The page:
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© Student Handouts, Inc. The Industrial Revolution. The First Industrial Revolution. Historical Significance of the Industrial Revolution.
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© Student Handouts, Inc. The Industrial Revolution
Historical Significance of the Industrial Revolution • An ancient Greek or Roman would have been just as comfortable in Europe in 1700 because daily life was not much different – agriculture and technology were not much changed in 2000+ years • The Industrial Revolution changed human life drastically • More was created in the last 250+ years than in the previous 2500+ years of known human history
What was the Industrial Revolution? • The Industrial Revolution was a fundamental change in the way goods were produced, from human labor to machines • The more efficient means of production and subsequent higher levels of production triggered far-reaching changes to industrialized societies
The Industrial Revolution • Machines were invented which replaced human labor • New energy sources were developed to power the new machinery – water, steam, electricity, oil (gas, kerosene) • Some historians place advances in atomic, solar, and wind energy at the later stages of the Industrial Revolution • Increased use of metals and minerals • Aluminum, coal, copper, iron, etc.
The Industrial Revolution • Transportation improved • Ships • Wooden ships → Iron ships → Steel ships • Wind-powered sails → Steam-powered boilers • Trains • Automobiles • Communication improved • Telegraph • Telephone • Radio
Developments • Mass production of goods • Increased numbers of goods • Increased diversity of goods produced • Development of factory system of production • Rural-to-urban migration • People left farms to work in cities • Development of capitalism • Financial capital for continued industrial growth • Development and growth of new socio-economic classes • Working class, bourgeoisie, and wealthy industrial class • Commitment to research and development • Investments in new technologies • Industrial and governmental interest in promoting invention, the sciences, and overall industrial growth
Background of the Industrial Revolution • Commercial Revolution • 15th, 16th, and 17th centuries • Europeans expanded their power worldwide • Increased geographic knowledge • Colonies in the Americas and Asia • Increased trade and commerce • Guild system could not meet the demands of increasing numbers goods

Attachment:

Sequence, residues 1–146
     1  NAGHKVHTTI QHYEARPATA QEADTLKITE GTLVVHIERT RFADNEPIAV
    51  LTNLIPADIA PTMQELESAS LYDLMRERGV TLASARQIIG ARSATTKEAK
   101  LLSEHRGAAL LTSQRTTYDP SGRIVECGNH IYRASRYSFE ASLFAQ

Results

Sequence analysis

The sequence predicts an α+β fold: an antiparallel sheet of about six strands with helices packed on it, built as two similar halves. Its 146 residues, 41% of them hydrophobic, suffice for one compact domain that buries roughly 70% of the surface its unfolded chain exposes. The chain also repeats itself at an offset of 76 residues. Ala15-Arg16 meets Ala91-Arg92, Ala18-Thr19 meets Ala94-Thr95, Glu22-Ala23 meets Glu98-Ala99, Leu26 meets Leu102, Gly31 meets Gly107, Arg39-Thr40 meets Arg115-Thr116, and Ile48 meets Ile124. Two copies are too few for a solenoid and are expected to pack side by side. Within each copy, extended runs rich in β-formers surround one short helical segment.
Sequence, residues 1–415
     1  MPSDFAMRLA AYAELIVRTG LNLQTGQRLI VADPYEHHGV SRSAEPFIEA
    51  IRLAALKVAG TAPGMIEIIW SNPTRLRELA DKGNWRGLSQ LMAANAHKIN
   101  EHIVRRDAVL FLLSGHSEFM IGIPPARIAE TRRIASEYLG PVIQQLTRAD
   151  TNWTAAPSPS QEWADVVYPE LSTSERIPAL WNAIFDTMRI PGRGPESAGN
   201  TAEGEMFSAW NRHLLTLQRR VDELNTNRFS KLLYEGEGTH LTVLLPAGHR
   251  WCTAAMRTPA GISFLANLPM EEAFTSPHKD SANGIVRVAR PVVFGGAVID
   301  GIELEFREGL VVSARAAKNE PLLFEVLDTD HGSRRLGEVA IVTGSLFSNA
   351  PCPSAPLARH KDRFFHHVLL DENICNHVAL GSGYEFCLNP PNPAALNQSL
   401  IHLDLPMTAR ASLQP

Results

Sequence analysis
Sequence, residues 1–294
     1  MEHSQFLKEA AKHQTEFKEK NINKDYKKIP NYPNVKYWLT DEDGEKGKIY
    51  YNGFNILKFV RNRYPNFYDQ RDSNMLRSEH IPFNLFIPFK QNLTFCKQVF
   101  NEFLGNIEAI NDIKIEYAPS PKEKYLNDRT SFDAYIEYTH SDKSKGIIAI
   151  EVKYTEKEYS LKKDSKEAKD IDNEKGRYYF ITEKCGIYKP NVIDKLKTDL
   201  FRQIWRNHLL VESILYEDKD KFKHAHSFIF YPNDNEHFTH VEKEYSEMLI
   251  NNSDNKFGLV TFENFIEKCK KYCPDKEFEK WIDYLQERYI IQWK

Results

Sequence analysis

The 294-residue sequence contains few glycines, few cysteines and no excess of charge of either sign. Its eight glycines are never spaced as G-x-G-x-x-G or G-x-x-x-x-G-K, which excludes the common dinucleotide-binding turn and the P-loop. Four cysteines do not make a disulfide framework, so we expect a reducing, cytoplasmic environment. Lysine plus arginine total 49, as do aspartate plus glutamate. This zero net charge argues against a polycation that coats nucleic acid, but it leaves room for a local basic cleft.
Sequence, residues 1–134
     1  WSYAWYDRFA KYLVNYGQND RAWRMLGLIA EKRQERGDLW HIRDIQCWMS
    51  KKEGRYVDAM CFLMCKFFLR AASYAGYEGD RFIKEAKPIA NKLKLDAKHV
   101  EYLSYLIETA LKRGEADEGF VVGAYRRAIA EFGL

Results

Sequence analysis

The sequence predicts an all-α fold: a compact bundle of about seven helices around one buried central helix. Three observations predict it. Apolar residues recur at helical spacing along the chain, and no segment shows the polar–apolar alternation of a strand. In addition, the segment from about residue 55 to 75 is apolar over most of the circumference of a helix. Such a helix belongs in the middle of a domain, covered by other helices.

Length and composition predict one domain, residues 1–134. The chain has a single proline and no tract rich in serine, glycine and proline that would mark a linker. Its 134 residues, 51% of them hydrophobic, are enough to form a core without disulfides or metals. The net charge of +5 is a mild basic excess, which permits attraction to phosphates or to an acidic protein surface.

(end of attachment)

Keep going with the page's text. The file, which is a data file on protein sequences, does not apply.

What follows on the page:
Background of the Industrial Revolution • Scientific Revolution • 17th and 18th centuries • Discoveries of Boyle, Lavoisier, Newton, etc. • Intellectual Revolution • 17th and 18th centuries • Writings of Locke, Voltaire, etc. • Atmosphere of discovery and free intellectual inquiry • Greater knowledge of the world • Weakened superstition and tradition • Encouraged learning and the search for better and newer ways of doing things
Development of the Domestic System of Production • Domestic system developed in England • Late 1600s-late 1800s • Domestic system of production – “putting out” system • Businesspeople delivered raw materials to workers’ homes • Workers manufactured goods from these raw materials in their homes (typically articles of clothing) • Businesspeople picked up finished goods and paid workers wages based on number of items • Domestic system could not keep up with demand
Factory System • Developed to replace the domestic system of production • Faster method of production • Workers concentrated in a set location • Production anticipated demand • For example: Under the domestic system, a woman might select fabric and have a businessperson give it to a home-based worker to make into a dress. Under the factory system, the factory owner bought large lots of popular fabrics and had workers create multiple dresses in common sizes, anticipating that women would buy them.
England: Birthplace of the Industrial Revolution • No concrete start date for the Industrial Revolution • Marked by gradual, slow changes • After 1750 – these changes were noticeable first in England
England’s Resources: Capital • The Commercial Revolution made many English merchants very wealthy • These merchants had the capital to invest in the factory system – money to buy buildings, machinery, and raw materials
England’s Resources: Colonies and Markets • Wealth from the Commercial Revolution spread beyond the merchant class • England had more colonies than any other nation • Its colonies gave England access to enormous markets and vast amounts of raw materials • Colonies had rich textile industries for centuries • Many of the natural cloths popular today, such as calico and gingham, were originally created in India • China had a silk industry
England’s Resources: Raw Materials • England itself possessed the necessary raw materials to create the means of production • Coal – vast coal reserves powered steam engines • Iron – basic building block of large machines, railroad tracks, trains, and ships
England’s Resources: Workers • Serfdom and guilds ended earlier in England than other countries • English people could freely travel from the countryside to the cities • Enclosure Acts – caused many small farmers to lose their lands, and these former farmers increased the labor supply
England’s Resources: Merchant Marine • World’s largest merchant fleet • Merchant marine built up from the Commercial Revolution • Vast numbers of ships could bring raw materials and finished goods to and from England’s colonies and possessions, as well as to and from other countries
England’s Resources: Geography • England is the political center of Great Britain, an island • Great Britain (as the entire island was called beginning in 1707) did not suffer fighting on its land during the wars of the 18th century • Island has excellent harbors and ports • Damp climate benefited the textile industry (thread did not dry out) • Government stable • No internal trade barriers